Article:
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ACLU Sues Alaska Governor for Firings Amid Transition

The American Civil Liberties Union of Alaska filed multiple suits against Alaska’s newly elected Republican Gov. Mike Dunleavy, his Chief of Staff Tuckerman Babcock, and the State of Alaska Thursday on behalf of three former state workers.

ANCHORAGE, Alaska (CN) – The American Civil Liberties Union of Alaska filed multiple suits Thursday against Alaska, the newly elected Gov. Mike Dunleavy and his chief of staff on behalf of three former state workers.

The ACLU claims that Dunleavy violated the state and federal constitutions when he fired Assistant Attorney General Libby Bakalar, Alaska Psychiatric Institute Director of Psychiatry Anthony Blanford and fellow staff psychiatrist John Bellville upon taking office in December.

All three complaints maintain that the state violated the First Amendment and the free-speech sections of the Alaska Constitution as all three individuals were outspoken either politically before or after Dunleavy took over as governor.

During the transition process between governors, more than 1,200 requests for letters of resignation were sent to at-will state employees, according to the complaint. The new administration could accept those letters, essentially firing the employee, or reject them, leaving the employee at work.

“When the government silences its own employees in violation of the constitution, the government must be held accountable, otherwise we lose our most cherished and basic freedom as Americans: The right to think and speak for ourselves,” Bakalar said at a press conference held by the ACLU to announce the lawsuits.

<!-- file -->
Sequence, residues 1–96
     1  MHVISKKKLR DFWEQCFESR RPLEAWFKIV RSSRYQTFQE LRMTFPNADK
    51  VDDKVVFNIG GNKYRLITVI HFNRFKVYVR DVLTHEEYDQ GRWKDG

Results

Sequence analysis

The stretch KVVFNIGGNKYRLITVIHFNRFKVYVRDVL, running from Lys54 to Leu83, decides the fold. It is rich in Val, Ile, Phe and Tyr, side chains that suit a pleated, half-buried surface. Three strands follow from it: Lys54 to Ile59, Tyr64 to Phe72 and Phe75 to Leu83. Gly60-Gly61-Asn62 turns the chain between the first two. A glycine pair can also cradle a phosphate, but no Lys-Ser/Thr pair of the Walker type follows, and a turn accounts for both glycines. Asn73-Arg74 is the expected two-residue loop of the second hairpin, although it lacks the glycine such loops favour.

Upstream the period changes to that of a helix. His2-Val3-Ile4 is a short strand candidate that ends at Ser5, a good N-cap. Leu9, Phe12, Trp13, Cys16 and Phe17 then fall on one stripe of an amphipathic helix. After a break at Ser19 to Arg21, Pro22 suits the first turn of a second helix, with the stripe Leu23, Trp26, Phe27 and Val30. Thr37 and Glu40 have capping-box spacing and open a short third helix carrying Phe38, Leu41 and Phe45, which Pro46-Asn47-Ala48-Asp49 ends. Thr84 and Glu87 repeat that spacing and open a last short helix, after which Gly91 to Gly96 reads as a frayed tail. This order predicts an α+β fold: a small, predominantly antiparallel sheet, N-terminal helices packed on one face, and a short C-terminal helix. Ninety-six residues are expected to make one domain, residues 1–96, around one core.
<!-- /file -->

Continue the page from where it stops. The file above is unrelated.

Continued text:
Bakalar sent a letter of resignation despite not wanting to. The complaint states that her resignation was accepted 18 minutes after Dunleavy’s inauguration. Two other assistant attorney generals are known to have also had their letters of resignation accepted.

“Defendants retaliated against Ms. Bakalar for her public and political speech by terminating her employment,” the complaint states.

Bakalar became a prolific blogger in 2014 and used her personal blog “One Hot Mess Alaska” to criticize President Donald Trump and his policies after the 2016 election as well as post about parenting, cosmetics and pop culture.

The ACLU complaint makes a direct connection between the blogging and her firing. “There was no reason, based on the merits of her work, for her to be let go,” ACLU Alaska Director Joshua Decker stated.

An assistant attorney general since 2006, Bakalar represented various state agencies including, most recently, the Alaska Division of Elections and received regular promotions and awards for merit while working for the state under both independent and Republican governors.

In the case of doctors Blanford and Bellville, their joint complaint also contends their firing is retaliation based on their use of free speech to decry the Dunleavy administration’s request for letters of resignation and that in order to keep their jobs they would need to jump on board Dunleavy’s cost-cutting agendas.

Instead of submitting letters of resignation by the deadline of Nov. 30, they submitted an editorial, published on Nov. 19 in Anchorage Daily News, explaining their decision not to resign for the good of their patients.